The rapid changes between ideas, and sense of easy distraction present the quick and unstrained nature of childhood. The flitting within the last two lines of this stanza lead to an erratic energy to flourish. The structure reflects this energy, with caesura, endstop and hyphen punctuating the stanza with continual breaks. The truncated structure reflects the mind of the child, always stopping and branching to new ideas and ventures. The sense of adventure, with there always being something to do, is palpable for young Dunmore. The older Dunmore looks back sadly at her childhood, mourning the passing.
It is within the fourth stanza where Dunmore presents the unbridgeable divide between the two selves. Until now the poet has been frequently using the pronoun ‘we’ to connect the two identities. Although indeed connective, the poem is only in one direction, the younger self does not reply. This splintering of identity comes to fruition here, with the employment of the condition ‘I’d’ showing the difference. Although she wishes things could be one way, Dunmore knows they are different people. The conditional tense highness this sense of sorrow here, with the desire falling away blindly.
This stanza is bitter, Dunmore acknowledges the truth of the matter here. They ‘have nothing in common’, she dissociates from the happy child, retracting into herself. The shift in pronouns illustrates the change . ‘We’ splits into ‘I’ and ‘you’, this is a poem of two pieces that no longer fit together.
The shortest line is shocking after the revelation of her giving up on the connection between her two identities. Following ‘then’, the blankness is a moment of silence within the poem. It’s almost as if Dunmore takes a moment to mourn everything she has lost before turning to go.
To My Nine-Year-Old Self returns again to explore the sense of childhood adventure. Yet, within this image there is now a sense of division. The ‘tree’ where Dunmore played has been ‘long buried in housing’. There is not only a sense of mental division, but now physical distance between the two identities. Dunmore can’t even recreate her moments of happiness, this childhood chapter of bliss is over.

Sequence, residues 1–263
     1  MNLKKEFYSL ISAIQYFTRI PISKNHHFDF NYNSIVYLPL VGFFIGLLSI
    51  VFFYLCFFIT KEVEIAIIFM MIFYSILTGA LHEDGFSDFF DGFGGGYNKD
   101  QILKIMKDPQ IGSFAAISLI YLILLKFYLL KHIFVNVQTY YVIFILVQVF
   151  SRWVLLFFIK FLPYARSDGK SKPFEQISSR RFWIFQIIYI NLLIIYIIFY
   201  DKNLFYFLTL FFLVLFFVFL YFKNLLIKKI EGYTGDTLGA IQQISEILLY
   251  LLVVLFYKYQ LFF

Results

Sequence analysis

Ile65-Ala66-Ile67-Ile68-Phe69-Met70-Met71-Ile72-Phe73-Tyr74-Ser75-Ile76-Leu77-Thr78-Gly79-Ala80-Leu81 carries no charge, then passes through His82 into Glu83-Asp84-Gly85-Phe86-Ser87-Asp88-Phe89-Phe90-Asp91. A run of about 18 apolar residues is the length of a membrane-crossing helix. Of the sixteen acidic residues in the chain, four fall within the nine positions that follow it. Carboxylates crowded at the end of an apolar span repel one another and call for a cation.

Dunmore is presented as a ‘cloud’ which greys that ‘summer morning’, she is self-presenting as a burden. Her unhappiness is clouding her own memories of her childhood. The happiness she once felt now fading as she realises the impossibility of return.
The final stanza returns to echo the first with a direct addressing of the childhood version. ‘I leave you’, the final statement of division, the retraction from childhood happiness into her present gloom.
Already the child has began to lose a sense of her own childhood. The semantics of injury which characterise the older Dunmore in stanza 2 permeate through in this stanza. The ‘ripe scab’ is the first injury, representing the first moment childhood begins to fade. The use of ‘slowly’ doubly suggests the childhood curiosity and the adulthood’s warning. The scar presents something new and exciting and to explore. Yet, for the older Dunmore it is a glimpse of what is to come. Dunmore prays that her younger self takes everything ‘slowly’, savouring the numbered moments of a happy childhood.
The poem is one of connection and division, with Dunmore mourning the impossibility of returning to her happy childhood.